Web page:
Courtesy Grey Advertising.

Name: Defiantly Different
Designers:  Han Lin, Brianna DiFelice, and Juliano Domingues
Foundry:  Grey Advertising
Release Date:  June 2018

Back Story:  How can a designer possibly hope to create a typeface representative of every individual within the LGBTQIA+ community? After all, the group is practically defined by its diversity, made up of a mix of people spanning a vast range of age, gender, appearance, race, nationality, religion, and lifestyle. For NYC Pride’s 2018 celebration, Grey Advertising’s design team—in collaboration with freelance creative director Bryce Aviano—created a visual identity and campaign based on the year’s official theme: Defiantly Different. Grey chose to include the idea of defiance—the standing up for rights and equality in the face of opposition—as an integral part of this year’s campaign along with an embrace of being “different.” And, of course, a feeling of jubilance and celebration as well. Central to this identity is DD Bold, a custom typeface that draws inspiration from the DIY posters seen at protests that began at Greenwich Village’s Stonewall Inn in 1969.

Why’s it called Defiantly Different? The campaign typography was designed to reflect the diversity of LGBTQIA+ people, and the name is meant to speak to the unyielding individuality within the community. Grey intended for the identity to accurately reflect the many facets within the group. The hope was also that it would serve as a rallying cry for previous generations who laid the groundwork for equality, as well as for the next generations carrying the torch forward.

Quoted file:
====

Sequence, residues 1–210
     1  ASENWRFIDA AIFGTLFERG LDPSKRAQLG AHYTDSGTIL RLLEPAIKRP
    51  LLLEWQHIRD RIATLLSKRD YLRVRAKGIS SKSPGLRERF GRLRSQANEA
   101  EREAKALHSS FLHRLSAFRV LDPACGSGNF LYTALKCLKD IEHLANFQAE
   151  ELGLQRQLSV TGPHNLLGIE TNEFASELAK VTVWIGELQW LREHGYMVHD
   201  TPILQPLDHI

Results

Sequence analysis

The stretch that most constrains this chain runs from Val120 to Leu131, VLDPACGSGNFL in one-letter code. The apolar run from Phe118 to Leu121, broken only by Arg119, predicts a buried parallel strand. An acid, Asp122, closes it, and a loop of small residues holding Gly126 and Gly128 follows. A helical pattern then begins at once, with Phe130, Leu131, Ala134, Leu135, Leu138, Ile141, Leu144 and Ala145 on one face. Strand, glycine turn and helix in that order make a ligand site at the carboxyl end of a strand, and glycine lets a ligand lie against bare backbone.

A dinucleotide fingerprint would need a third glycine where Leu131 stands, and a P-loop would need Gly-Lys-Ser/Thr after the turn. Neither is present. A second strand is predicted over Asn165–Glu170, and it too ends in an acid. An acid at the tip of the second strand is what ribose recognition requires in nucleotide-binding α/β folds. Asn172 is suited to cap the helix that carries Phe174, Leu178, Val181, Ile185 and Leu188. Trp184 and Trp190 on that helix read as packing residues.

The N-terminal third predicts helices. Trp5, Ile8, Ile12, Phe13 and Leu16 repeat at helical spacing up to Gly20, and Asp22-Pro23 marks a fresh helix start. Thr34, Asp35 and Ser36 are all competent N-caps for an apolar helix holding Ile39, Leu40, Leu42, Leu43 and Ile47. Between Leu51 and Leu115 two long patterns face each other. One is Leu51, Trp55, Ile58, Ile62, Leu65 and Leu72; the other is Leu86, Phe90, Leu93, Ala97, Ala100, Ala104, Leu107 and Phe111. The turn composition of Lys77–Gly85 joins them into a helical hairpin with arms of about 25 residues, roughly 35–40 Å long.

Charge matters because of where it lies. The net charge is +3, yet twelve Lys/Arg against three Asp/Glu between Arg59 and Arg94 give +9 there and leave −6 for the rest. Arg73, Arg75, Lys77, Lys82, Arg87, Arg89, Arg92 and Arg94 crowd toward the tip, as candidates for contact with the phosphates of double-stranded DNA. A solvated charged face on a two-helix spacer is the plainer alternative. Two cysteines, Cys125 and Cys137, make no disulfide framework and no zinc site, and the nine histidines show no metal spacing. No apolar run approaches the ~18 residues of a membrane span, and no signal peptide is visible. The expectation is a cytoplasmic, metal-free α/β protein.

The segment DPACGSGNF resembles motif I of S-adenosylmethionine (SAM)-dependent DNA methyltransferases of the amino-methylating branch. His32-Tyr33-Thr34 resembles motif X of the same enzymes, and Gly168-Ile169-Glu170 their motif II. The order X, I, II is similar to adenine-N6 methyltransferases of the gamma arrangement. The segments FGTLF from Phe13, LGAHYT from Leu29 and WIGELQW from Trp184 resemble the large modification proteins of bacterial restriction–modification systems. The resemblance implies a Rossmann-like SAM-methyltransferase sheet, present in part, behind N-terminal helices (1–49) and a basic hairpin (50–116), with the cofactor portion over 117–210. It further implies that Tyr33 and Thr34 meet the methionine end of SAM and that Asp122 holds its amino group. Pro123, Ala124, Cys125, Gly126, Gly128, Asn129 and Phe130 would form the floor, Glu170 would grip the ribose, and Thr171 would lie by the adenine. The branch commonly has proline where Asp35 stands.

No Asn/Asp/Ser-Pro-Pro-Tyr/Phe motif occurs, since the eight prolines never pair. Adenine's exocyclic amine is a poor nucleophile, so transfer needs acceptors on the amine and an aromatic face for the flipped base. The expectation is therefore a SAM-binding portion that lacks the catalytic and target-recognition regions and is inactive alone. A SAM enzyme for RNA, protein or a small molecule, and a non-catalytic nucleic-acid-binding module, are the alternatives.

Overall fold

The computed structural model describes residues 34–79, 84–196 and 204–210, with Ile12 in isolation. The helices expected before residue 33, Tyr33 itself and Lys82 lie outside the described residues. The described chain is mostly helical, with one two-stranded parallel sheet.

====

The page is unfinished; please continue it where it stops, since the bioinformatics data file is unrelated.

Courtesy Grey Advertising.

What are its distinguishing characteristics? This dynamic typeface features multiple forms of each letter, representing the multifaceted diversity of the LGBTQIA+ community. Letterform shapes cover a wide spectrum: some are heavy and filled in, some are kinky (backwards and upside down). Still others are graceful, sharp edged, softly rounded, exuberantly fancy, or quietly plain—yet the typeface holds together well as a family. “We created multiple variants for each glyph, and juxtaposed them to maximize variety for each character,” says Graham Nolan, a senior vice president and director at Grey. “Pride is a celebration as much as it is a statement, so the letterforms balance protest origins with fun and quirky contours. Each letter is a riff on a familiar form, expressed with a visual personality that is at once unique, but also celebratory.”

What should I use it for? DD Bold is loud and bold, and varied enough to easily manifest multiple expressions of the same phrase. It works best with short bits of language, making it strikingly effective as a display face for posters and editorial design.

 What other typefaces do you like to pair it with? “We prefer to use it with a uniform mono typeface—the uniformity offers contrast and highlights the letterforms,” Nolan says. Try it with Production Type’s Stratos. DD Bold packs a lot of personality, so we also suggest a sans serif with personality of its own, such as Schwiss (a modern Helvetica-Akzidenz hybrid) from London’s A2-Type foundry.